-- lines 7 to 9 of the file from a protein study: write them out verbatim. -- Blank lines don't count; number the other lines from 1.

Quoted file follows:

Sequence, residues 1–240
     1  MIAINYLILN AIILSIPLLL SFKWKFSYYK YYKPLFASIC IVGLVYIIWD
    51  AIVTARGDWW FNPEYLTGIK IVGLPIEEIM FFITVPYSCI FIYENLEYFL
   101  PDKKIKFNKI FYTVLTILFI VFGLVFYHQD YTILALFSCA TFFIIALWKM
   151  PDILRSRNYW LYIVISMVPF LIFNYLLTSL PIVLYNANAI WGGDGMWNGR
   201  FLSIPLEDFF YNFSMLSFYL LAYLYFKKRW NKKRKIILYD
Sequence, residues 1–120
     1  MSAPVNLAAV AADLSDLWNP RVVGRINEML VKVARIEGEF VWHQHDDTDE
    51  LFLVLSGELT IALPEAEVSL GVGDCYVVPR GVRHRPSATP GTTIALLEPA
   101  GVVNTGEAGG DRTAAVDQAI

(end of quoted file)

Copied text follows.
Sequence, residues 1–120
     1  MSAPVNLAAV AADLSDLWNP RVVGRINEML VKVARIEGEF VWHQHDDTDE
    51  LFLVLSGELT IALPEAEVSL GVGDCYVVPR GVRHRPSATP GTTIALLEPA